What Makes a Philosopher Good or Bad? Intellectual Virtues and Vices in the History of Philosophy
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What Makes a Philosopher Good or Bad?
Intellectual Virtues and Vices in the History of Philosophy
> Two-day conference | Thursday 25 – Friday 26 November 2021
> Keynote speakers
Adeshina Afolayan (University of Ibadan, Nigeria)
Michael Beaney (University of Aberdeen, UK / Humboldt University Berlin, Germany)
Quassim Cassam (University of Warwick, UK)
Lisa Shapiro (Simon Fraser University, Canada)
This conference raises two simple but provocative questions. What makes a philosopher good or bad? And how have views on what counts as a good or bad philosopher changed over time?
These meta-philosophical questions offer an opportunity to introduce recent historical and philosophical research on intellectual virtues and vices into the study of the history of philosophy. This combination provides a promising new way of bridging the gap between history, philosophy, history of philosophy, and historiography.
In recent years, the notions of intellectual virtues and vices have become hotly debated topics, owing in large part to the groundbreaking work of, among others, Herman Paul and Quassim Cassam. Taking a cue from their writings, this workshop seeks to explore virtues (open-mindedness, intellectual courage, rigor, etc.) and vices (closed-mindedness, intellectual arrogance, sloppiness, etc.) as key characteristics of “philosophical personae”, that is, of historically changing ideal-typical models of what it takes to be a (good or bad) philosopher and of different ways of “being a philosopher”.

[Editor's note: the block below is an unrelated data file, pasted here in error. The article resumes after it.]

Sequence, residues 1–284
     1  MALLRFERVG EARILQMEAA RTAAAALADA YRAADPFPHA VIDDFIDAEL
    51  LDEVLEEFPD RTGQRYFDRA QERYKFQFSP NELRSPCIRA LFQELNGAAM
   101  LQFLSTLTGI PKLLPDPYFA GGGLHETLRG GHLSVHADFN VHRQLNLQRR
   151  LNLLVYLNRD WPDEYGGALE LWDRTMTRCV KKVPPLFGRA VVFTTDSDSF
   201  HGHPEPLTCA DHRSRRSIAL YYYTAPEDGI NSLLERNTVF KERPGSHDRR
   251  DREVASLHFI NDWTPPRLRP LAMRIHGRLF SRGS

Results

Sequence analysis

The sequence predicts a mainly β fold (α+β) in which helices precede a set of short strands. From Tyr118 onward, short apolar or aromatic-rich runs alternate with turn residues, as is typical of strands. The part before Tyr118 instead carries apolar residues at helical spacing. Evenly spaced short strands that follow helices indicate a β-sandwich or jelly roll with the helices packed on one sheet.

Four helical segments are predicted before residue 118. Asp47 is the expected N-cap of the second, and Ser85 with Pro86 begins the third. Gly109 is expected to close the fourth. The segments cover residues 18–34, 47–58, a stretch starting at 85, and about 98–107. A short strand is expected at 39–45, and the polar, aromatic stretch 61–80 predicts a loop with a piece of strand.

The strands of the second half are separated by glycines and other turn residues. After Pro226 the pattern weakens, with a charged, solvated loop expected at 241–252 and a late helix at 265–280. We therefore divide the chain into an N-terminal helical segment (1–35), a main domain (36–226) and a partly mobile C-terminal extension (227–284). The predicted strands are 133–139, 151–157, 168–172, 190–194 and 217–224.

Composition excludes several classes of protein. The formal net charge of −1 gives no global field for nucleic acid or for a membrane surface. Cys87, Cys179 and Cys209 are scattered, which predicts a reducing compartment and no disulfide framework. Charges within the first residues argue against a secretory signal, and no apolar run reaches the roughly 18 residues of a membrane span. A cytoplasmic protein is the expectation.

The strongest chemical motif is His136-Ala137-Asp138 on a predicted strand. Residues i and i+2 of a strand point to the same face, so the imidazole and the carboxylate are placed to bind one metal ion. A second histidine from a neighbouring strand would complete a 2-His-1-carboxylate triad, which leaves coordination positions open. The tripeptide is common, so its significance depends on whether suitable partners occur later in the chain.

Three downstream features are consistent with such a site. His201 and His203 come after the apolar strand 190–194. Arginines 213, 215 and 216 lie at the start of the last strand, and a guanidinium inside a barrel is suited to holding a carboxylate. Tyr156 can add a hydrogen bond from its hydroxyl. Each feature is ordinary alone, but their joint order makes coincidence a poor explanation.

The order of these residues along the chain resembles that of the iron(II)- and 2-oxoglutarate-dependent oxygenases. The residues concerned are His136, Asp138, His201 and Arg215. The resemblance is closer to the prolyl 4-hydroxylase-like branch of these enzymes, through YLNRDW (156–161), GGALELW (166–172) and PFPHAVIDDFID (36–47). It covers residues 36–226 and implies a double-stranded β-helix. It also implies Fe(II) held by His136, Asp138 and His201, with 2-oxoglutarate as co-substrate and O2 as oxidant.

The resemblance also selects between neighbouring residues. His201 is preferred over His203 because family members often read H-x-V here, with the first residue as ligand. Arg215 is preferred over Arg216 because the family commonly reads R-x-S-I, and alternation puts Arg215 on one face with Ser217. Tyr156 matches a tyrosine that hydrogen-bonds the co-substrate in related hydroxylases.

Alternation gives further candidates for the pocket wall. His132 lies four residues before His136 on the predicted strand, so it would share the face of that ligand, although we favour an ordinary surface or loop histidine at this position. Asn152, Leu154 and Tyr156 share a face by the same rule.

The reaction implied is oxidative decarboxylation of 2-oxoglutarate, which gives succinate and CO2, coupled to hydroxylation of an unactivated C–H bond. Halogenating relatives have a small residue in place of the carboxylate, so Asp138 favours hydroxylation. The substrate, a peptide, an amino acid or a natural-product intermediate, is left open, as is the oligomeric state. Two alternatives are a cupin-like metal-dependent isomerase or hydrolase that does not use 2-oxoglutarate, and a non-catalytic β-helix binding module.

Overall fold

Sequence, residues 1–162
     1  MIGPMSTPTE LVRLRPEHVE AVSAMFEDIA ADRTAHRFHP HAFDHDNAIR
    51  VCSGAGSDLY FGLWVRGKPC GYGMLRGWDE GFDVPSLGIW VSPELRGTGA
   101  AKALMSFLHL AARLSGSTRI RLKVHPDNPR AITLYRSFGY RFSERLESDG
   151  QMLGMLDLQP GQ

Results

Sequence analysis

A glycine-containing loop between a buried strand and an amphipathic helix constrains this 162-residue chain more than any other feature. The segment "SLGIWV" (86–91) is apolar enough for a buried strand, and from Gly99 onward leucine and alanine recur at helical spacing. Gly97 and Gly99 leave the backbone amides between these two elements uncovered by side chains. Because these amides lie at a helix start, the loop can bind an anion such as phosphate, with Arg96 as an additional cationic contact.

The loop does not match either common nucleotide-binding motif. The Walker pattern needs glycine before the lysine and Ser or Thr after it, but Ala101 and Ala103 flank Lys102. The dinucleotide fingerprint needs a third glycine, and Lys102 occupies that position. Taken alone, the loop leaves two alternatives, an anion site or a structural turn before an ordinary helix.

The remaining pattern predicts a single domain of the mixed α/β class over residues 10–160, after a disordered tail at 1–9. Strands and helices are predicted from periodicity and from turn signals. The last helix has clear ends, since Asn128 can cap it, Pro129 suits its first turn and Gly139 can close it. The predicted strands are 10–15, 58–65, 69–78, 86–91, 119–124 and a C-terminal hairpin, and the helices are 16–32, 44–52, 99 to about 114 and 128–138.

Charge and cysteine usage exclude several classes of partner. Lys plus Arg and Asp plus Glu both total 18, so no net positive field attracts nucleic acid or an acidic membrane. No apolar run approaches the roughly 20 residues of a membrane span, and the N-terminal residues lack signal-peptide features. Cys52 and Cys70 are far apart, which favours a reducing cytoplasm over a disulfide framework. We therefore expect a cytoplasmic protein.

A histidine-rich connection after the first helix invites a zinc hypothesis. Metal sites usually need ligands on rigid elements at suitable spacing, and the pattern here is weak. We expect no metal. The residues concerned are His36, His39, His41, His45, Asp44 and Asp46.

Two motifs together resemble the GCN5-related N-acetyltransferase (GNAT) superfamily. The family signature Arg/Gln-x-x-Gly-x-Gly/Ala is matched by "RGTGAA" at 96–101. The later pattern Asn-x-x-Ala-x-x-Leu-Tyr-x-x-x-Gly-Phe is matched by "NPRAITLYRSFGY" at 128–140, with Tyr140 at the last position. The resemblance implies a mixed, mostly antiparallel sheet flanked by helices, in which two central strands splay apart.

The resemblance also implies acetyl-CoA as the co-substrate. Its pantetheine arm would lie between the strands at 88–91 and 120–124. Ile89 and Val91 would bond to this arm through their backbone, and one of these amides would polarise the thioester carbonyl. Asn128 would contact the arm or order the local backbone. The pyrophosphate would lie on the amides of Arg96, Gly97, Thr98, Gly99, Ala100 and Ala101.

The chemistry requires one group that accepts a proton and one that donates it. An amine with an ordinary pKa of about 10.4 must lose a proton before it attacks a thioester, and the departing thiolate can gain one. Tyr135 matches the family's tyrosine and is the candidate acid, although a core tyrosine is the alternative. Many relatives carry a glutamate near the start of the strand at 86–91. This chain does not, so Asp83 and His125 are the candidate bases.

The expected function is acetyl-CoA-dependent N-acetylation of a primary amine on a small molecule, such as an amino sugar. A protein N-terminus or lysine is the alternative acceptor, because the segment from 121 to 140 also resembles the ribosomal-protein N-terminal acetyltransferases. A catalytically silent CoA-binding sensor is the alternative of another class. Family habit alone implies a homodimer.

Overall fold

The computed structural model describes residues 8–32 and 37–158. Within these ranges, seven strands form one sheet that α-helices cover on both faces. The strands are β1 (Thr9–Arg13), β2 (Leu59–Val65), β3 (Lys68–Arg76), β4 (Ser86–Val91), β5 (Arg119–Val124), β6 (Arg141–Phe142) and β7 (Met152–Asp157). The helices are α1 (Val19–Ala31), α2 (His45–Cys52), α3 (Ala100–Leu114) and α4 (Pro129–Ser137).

This approach to the history of philosophy makes it possible to raise new questions and to answer old questions in new ways. How, for example, have (changing views on) intellectual virtues and vices shaped the philosophical canon and in what sense was the analytic-Continental divide primarily a clash between different understandings of what it means to be a philosopher? At the same time, the approach goes against the grain of more established ways of studying the history of philosophy, insofar as it turns the attention away from what philosophers think (“ideas”) toward the philosophers that do the thinking (“people”). For example, one might polemically ask whether the history of philosophy could be rewritten as a story of meta-philosophical changes in what it means to do philosophy – as opposed to, say, science or fiction-writing – and for thinkers and ideas to count as philosophical.This, in turn, puts strong emphasis on processes of inclusion and exclusion, and the various factors involved therein (gender, race, culture, language, etc.), in philosophical canon formation.
The conference will take place on Thursday 25 and Friday 26November 2021 from 9:30-18:00 (CET). It will in principle be held online, but it may be turned into a hybrid event when Covid (travel) regulations allow for it.
November 14, 2021, 9:00am CET